The coffin was made from pieces of a closet. In a darkened basement under a building shaking from the bombardment of war, there were few other options.
Six-year-old Vlad watched as his mother was carried out of the shelter last month and to the yard of a nearby home. The burial was hurried and devastating.
Now Russian forces have withdrawn from Bucha after a month-long occupation, and Vlad’s father, Ivan Drahun, dropped to his knees at the foot of the grave.
He reached out and touched the dirt near his wife Maryna’s feet. “Hi, how are you?” he said during the visit last week. “I miss you so much. You left so soon. You didn’t even say goodbye.”
The boy also visits the grave, placing on it a juice box and two cans of baked beans. Amid the stress of war, his mother barely ate. The family still doesn’t know what illness caused her death. They, much like their town, barely know how to move on.
Bucha witnessed some of the ghastliest scenes of Russia’s invasion, and almost no children have been seen in its silent streets since then. The many bright playgrounds in the once-popular community with good schools on a far edge of the capital, Kyiv, are empty.
The Russians used a children’s camp in Bucha as an execution ground, and bloodstains and bullet holes mark a basement. On a ledge near the camp entrance, Russian soldiers placed a toy tank. It appeared to be connected to fishing wire — a possible booby trap in the most vulnerable of places.
Steps away from Vlad’s home, some of the Russians used a kindergarten as a base, leaving it intact while other nearby buildings suffered. Casings of used artillery shells were left along a fence in the yard. In a nearby playground, white and red tape marked off unexploded ordnance. The booms of de-mining operations were so strong they set off car alarms.
At the apartment block where Vlad, his older brother Vova and sister Sophia live, someone had spray-painted “CHILDREN” in child-high letters on an outside wall. Under it, a wooden box once used for ammunition held a teddy bear and other toys.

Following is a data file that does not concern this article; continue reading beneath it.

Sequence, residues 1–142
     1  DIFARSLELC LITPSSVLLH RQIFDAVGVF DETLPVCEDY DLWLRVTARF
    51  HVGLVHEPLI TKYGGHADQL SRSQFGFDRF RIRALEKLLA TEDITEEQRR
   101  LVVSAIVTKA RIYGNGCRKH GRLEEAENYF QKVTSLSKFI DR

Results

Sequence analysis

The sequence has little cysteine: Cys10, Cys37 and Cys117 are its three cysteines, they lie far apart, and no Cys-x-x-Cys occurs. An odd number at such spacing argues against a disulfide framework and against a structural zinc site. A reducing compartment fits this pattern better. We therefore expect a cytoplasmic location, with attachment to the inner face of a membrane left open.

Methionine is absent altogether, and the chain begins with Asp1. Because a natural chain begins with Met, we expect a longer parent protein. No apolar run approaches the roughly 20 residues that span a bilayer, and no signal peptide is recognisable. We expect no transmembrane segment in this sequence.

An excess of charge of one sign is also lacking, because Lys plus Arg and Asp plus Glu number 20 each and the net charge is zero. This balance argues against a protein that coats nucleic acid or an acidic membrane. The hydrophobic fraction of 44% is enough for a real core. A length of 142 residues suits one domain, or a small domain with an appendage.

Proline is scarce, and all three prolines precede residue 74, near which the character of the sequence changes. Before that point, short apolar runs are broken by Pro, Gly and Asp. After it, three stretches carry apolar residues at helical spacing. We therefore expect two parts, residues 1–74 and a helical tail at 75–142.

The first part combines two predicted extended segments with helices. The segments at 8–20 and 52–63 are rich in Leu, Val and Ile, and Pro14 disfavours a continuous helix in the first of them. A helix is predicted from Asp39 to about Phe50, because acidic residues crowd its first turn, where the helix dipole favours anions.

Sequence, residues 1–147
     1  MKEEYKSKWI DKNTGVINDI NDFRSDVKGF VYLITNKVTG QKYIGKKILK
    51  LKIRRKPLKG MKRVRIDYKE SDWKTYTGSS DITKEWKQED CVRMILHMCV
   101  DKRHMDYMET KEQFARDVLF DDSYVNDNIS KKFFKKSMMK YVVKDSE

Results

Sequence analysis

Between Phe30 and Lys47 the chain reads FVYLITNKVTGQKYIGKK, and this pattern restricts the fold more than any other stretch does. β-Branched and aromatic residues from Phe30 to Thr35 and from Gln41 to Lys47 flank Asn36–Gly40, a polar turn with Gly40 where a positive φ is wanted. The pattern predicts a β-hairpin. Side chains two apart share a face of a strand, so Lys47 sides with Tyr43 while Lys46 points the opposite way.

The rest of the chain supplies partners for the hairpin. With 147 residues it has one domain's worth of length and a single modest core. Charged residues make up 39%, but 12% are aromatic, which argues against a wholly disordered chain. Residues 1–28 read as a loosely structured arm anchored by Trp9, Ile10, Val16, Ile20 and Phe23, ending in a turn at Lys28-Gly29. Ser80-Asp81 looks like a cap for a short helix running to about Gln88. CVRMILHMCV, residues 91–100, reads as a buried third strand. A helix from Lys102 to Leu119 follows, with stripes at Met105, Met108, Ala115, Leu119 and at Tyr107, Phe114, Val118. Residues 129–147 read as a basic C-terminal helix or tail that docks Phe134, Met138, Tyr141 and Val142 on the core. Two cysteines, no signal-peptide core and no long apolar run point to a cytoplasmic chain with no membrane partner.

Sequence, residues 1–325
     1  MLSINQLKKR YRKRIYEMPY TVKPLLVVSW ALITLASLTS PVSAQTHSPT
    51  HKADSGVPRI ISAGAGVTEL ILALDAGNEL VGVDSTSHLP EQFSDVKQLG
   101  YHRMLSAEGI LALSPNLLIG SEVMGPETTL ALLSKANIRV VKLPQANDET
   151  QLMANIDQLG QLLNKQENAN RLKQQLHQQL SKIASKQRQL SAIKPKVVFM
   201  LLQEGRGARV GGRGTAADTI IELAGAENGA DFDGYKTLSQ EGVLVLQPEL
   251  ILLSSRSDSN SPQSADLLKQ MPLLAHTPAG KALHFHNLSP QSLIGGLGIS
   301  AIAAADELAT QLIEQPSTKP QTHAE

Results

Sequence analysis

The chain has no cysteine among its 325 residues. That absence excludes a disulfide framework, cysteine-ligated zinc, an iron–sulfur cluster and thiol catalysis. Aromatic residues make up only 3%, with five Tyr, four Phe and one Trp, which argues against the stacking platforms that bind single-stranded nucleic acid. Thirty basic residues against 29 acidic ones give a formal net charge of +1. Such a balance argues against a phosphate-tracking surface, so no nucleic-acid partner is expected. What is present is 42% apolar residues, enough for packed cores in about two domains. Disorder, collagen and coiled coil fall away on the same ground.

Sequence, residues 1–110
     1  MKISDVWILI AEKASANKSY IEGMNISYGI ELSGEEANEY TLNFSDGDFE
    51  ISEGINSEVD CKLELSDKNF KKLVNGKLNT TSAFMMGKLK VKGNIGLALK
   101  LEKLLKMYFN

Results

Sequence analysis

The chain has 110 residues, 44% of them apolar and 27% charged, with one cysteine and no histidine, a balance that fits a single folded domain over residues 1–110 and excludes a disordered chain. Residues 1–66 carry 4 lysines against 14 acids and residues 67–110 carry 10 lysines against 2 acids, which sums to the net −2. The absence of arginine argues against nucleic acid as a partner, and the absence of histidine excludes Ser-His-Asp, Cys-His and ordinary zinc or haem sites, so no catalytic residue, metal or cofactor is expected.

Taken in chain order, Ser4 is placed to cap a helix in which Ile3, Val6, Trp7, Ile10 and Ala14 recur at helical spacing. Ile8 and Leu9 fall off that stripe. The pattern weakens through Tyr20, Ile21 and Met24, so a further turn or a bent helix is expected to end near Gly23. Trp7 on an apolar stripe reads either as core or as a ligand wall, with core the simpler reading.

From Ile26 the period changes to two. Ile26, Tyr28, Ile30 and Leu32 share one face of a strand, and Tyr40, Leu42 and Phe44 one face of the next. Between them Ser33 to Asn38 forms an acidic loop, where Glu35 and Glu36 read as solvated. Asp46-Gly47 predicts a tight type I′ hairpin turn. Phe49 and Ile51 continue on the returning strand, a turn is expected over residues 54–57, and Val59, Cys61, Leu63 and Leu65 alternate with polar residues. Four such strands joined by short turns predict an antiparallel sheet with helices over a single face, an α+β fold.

It is here that Bucha’s fragile renewal can be seen.
A small group of neighborhood children gathered, finding distraction from the war. Bundled up in winter coats, they kicked a football, wandered around with bags of snacks handed out by visiting volunteers, called out from a glass-less window above.
Their parents, taking in the feeble warmth of spring after weeks in freezing basements, reflected on how they tried to protect the children. “We covered his ears,” said Polina Shymanska of her 7-year-old great-grandson Nikita. “We hugged him, kissed him.” She tried to play chess and the boy let her win.
Upstairs, in a neighbor’s apartment where Vlad’s father, for now, has merged his family with that of the neighbour to help manage their collection of children, Vlad curled up on a bed with another boy and played cards. The radiator gave off no heat. There was still no gas, no electricity, and no running water.
Not everyone in Vlad’s family can stand to return to their own apartment nearby. The memories of Maryna are everywhere, from the perfume bottles on the table by the front door to the quiet kitchen.
In the living room, time has stopped. Limp balloons dangled from the overhead light. A string of colorful flags still hung on the wall, along with a family photo. It showed Ivan and Maryna holding Vlad on the day he was born. They celebrated his birthday on February 19.
Five days later, the war began. And the family’s life shrank to a dank concrete half-room in the basement, lined with blankets and scattered with sweets and toys. It was very, very cold, Ivan remembers. He and Maryna did what they could to muffle the sounds of shelling for Vlad and keep him calm. But they were afraid, too.
Two weeks ago, Ivan took Vlad to the makeshift toilet in the shelter and visited neighbors. Then he came to Maryna to tell her that he was going outside. “I touched her shoulder, and she was cold,” he said. “I realised she was gone.”
At first, he said, Vlad appeared not to understand what had happened. The boy said his mother had moved away. But at the burial, the boy watched Ivan kneel and cry, and now he knows what death is.
Death is inseparable from Bucha. Local authorities told The Associated Press that at least 16 children were among the hundreds of people killed. Those who survived face a long recovery.
“They’ve realised that now it’s calm and quiet,” Ivan said. “But at the same time, older children understand that it’s not the end. The war is not finished. And it’s hard to explain for the smaller ones that war is still going on.”
The children are adapting, he said. They have seen a lot. Some even saw dogs killed.
Now the war has slipped into the games they play.
In a sandbox outside the kindergarten, Vlad and a friend “bombed” each other with fistfuls of sand.
“I’m Ukraine,” one said. “No, I’m Ukraine,” said the other. — AP
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